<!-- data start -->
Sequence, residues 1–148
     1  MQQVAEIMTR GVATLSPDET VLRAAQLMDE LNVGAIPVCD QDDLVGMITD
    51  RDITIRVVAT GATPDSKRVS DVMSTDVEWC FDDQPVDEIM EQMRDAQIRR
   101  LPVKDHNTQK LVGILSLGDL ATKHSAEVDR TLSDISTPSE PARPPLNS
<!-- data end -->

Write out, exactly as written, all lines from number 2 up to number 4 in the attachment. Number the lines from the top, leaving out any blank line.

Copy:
     1  MQQVAEIMTR GVATLSPDET VLRAAQLMDE LNVGAIPVCD QDDLVGMITD
    51  RDITIRVVAT GATPDSKRVS DVMSTDVEWC FDDQPVDEIM EQMRDAQIRR
   101  LPVKDHNTQK LVGILSLGDL ATKHSAEVDR TLSDISTPSE PARPPLNS